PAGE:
The petition provides no information to support the claim that local agencies are not adequately evaluating the individual and cumulative impacts of development projects on the San Bernardino flying squirrel under CEQA. CEQA does provide some protection for unlisted species through requiring public agencies to disclose environmental impacts of a project on native species and natural communities. CEQA also requires the identification and mitigation of project impacts, unless the agency makes a finding of overriding consideration. Therefore, CEQA does provide some protection for the San Bernardino flying squirrel and its habitat.

Summary of Factor D

We find that the petition does not present substantial scientific or commercial information to indicate that the inadequacy of existing regulatory mechanisms may present a threat to the San Bernardino flying squirrel such that the petitioned action may be warranted. However, we will further investigate whether the inadequacy of existing regulatory mechanisms is a potential threat to the San Bernardino flying squirrel in our 12-month status review.

E. Other Natural or Manmade Factors Affecting Its Continued Existence

Information Provided in the Petition

The petition identified environmental impacts resulting from climate change as a factor impacting the San Bernardino flying squirrel. We know of no element of the San Bernardino flying squirrel's life history or physiology that would be directly affected by changes in climate. Predicted climate changes could impact forested environments upon which San Bernardino flying squirrels depend. Therefore, we addressed all climate change threats under Factor A above.

The petition did not identify any other natural or manmade factors that could potentially impact the San Bernardino flying squirrel.

Evaluation of Information Provided in the Petition and Available in Service Files

The available information in our files does not indicate any threat to the San Bernardino flying squirrel from other natural or manmade factors affecting its continued existence. The limited range and low density of the subspecies suggest that San Bernardino flying squirrels may be more vulnerable to stochastic events such as large wildfires, as seen in other species with small populations and narrow ranges (Kohlmann et al. 2005, pp. 85, 86). However, we have no information at this time in regard to San Bernardino flying squirrels to support this theory, although we will further investigate whether this is a potential threat in our 12-month finding. Therefore, we find that the petition and information readily available in our files do not provide substantial scientific or commercial information to indicate that other natural or manmade factors may present a threat to the San Bernardino flying squirrel such that the petitioned action may be warranted.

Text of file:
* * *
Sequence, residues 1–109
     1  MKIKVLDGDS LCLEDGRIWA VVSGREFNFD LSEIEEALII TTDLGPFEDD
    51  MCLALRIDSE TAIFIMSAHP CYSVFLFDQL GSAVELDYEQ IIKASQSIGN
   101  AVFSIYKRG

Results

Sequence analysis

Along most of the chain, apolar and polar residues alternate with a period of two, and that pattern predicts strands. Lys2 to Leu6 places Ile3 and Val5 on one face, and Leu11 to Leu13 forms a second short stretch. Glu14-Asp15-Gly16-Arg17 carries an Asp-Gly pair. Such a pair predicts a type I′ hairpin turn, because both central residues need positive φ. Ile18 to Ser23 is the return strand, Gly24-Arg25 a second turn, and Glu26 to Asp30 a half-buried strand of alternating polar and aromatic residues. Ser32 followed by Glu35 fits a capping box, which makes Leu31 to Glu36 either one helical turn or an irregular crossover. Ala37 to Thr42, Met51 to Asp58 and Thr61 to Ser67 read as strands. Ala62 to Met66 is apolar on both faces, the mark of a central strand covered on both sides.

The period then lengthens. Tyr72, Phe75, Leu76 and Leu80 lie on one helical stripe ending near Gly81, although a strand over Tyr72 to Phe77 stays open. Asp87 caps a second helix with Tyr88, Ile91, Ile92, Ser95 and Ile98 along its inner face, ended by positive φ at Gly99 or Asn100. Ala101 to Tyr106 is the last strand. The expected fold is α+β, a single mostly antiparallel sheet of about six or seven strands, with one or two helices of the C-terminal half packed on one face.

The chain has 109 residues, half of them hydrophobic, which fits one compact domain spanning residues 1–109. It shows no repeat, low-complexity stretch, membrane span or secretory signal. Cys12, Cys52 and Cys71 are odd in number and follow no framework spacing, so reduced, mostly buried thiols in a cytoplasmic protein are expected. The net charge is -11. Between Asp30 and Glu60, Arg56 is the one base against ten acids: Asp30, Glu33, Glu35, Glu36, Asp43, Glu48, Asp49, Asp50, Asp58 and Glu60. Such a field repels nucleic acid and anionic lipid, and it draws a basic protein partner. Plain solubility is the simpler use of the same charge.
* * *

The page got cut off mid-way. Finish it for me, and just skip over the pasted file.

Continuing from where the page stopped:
Finding

On the basis of our evaluation of the petition and other readily available data under section 4(b)(3)(A) of the Act, we determine that the petition presents substantial scientific or commercial information indicating that listing the San Bernardino flying squirrel throughout its entire range may be warranted. This finding is based on information provided under Factors A and C. We determine that information provided under Factors B, D, and E does not present substantial information.

Because we have found that the petition presents substantial information indicating that listing the San Bernardino flying squirrel may be warranted, we are initiating a status review to determine whether listing the San Bernardino flying squirrel under the Act is warranted.

The “substantial information” standard for a 90-day finding differs from the Act's “best scientific and commercial data” standard that applies to a status review to determine whether a petitioned action is warranted. A 90-day finding does not constitute a status review under the Act. In a 12-month finding, we will determine whether a petitioned action is warranted after we have completed a thorough status review of the species, which is conducted following a substantial 90-day finding. Because the Act's standards for 90-day and 12-month findings are different, as described above, a substantial 90-day finding does not mean that the 12-month finding will result in a warranted finding.

References Cited

A complete list of references cited is available on the Internet at http://www.regulations.gov and upon request from the Carlsbad Fish and Wildlife Office (see FOR FURTHER INFORMATION CONTACT).

Author

The primary authors of this notice are the staff members of the Carlsbad Fish and Wildlife Office.

Authority: The authority for this action is the Endangered Species Act of 1973, as amended (16 U.S.C. 1531 et seq.).

Dated: January 19, 2012.

Daniel M. Ashe,

Director, U.S. Fish and Wildlife Service.

[FR Doc. 2012-2135 Filed 1-31-12; 8:45 am]